How are towing weights calculated and how much is it safe to tow?

My understanding of towing capacity is that it is based on the kerbweight of the vehicle. Most manufacturers recommend 85% of gross kerbweight. So how come so many large 4x4s can tow way above that weight? I was thinking it was torque related but even automatic transmission models seem to have much larger than kerbweight capacities and they have no.where near the torque

Asked on 21 August 2019 by Jez

Answered by Dan Powell
You are correct about the 85% rule - the trailer/caravan is best being less than 85% of the weight of the towing vehicle for safe stability. You should also consider the noseweight (which is the weight the trailer/caravan puts on the towbar). The noseweight should be between 5-7% of the weight of the trailer/caravan.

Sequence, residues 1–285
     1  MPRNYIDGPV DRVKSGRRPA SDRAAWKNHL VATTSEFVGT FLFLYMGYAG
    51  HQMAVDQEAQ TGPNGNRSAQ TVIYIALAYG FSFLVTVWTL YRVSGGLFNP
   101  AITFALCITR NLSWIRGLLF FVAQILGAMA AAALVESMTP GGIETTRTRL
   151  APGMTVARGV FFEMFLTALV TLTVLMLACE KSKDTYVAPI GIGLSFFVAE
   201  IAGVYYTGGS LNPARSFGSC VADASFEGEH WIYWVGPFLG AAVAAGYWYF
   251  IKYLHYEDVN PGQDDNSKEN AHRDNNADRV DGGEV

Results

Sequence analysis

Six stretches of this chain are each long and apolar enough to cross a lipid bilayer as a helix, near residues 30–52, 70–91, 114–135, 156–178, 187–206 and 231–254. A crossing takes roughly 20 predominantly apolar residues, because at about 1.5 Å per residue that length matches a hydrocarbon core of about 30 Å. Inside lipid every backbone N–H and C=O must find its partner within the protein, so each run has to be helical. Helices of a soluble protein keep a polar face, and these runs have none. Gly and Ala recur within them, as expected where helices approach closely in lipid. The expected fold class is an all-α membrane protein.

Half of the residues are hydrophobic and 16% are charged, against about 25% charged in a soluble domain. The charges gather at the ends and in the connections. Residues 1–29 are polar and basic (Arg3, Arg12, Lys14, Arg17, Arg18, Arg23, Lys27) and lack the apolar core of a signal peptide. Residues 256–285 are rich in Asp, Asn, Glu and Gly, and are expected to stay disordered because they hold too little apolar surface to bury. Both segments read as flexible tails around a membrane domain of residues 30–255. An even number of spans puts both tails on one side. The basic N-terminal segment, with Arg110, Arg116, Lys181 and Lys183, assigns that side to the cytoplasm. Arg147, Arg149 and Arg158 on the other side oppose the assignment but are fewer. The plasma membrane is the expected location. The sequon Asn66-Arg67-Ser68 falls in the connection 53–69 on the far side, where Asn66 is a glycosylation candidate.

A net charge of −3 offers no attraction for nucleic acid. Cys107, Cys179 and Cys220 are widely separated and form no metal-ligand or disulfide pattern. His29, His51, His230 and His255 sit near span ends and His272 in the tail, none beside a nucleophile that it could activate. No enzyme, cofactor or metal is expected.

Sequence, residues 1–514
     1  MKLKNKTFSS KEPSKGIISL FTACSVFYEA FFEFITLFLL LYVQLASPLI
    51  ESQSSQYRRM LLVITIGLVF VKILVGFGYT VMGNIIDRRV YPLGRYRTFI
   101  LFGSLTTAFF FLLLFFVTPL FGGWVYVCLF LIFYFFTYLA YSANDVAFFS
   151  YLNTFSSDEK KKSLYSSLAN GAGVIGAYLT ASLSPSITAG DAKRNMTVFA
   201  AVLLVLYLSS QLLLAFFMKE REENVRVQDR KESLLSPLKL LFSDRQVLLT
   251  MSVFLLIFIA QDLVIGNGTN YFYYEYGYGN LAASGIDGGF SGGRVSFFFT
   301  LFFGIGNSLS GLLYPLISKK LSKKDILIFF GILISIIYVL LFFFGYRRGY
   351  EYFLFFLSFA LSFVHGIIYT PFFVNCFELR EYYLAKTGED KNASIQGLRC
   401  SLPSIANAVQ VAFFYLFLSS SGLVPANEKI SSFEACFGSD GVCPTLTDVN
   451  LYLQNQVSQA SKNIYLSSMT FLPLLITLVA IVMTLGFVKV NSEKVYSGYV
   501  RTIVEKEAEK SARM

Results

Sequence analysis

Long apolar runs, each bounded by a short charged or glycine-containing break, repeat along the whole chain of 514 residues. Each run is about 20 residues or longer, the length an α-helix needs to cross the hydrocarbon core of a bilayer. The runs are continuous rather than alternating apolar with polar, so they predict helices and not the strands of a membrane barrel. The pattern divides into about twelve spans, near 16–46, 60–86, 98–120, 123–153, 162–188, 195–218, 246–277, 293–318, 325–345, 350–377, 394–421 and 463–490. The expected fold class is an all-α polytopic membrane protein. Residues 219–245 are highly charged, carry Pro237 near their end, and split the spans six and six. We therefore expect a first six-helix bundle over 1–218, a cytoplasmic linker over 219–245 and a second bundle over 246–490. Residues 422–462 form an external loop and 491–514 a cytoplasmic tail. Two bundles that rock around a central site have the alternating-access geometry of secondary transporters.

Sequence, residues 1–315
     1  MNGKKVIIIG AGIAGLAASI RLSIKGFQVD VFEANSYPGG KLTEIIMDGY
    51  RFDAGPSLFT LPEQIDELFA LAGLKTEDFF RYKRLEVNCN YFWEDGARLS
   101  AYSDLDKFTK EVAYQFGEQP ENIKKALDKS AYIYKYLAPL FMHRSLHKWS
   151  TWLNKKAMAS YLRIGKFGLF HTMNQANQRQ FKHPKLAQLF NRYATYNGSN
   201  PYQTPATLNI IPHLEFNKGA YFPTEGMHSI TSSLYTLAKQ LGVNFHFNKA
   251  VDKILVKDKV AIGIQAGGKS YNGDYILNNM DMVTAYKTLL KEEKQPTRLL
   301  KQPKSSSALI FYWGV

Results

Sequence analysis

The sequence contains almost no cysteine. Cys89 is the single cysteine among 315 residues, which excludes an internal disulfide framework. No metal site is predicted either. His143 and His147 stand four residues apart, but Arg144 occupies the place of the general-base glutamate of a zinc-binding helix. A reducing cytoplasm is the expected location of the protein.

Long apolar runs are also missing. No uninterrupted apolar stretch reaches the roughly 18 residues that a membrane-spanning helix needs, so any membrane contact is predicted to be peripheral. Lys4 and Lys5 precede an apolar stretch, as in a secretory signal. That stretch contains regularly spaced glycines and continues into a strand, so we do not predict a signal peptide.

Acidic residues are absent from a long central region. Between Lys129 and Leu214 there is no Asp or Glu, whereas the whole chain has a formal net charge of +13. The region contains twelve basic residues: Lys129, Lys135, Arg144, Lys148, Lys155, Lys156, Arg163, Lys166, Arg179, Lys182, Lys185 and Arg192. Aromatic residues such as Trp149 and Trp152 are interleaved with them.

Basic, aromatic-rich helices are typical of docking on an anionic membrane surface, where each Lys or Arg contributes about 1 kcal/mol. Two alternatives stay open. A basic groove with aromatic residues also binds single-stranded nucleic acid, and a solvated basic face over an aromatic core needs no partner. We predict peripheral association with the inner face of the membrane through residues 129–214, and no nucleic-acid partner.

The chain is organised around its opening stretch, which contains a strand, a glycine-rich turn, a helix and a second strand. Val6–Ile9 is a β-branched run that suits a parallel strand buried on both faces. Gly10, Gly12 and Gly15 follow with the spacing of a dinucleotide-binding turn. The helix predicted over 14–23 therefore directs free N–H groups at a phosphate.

You should never tow anything without knowing the individual and combined weights of your car (and the trailer or caravan). The Gross Vehicle Weight (GVW) or Maximum Authorised Mass (MAM) tells you how much a vehicle or a trailer can legally weigh in order to be used on the road, while the Gross Train Weight (GTW) or Gross Combination Weight (GCW), is the total, permitted weight of the vehicle, the trailer and everything it’s carrying.

You can find these figures on the van or trailer’s chassis plate, in the handbook and sometimes on the V5C registration certificate.
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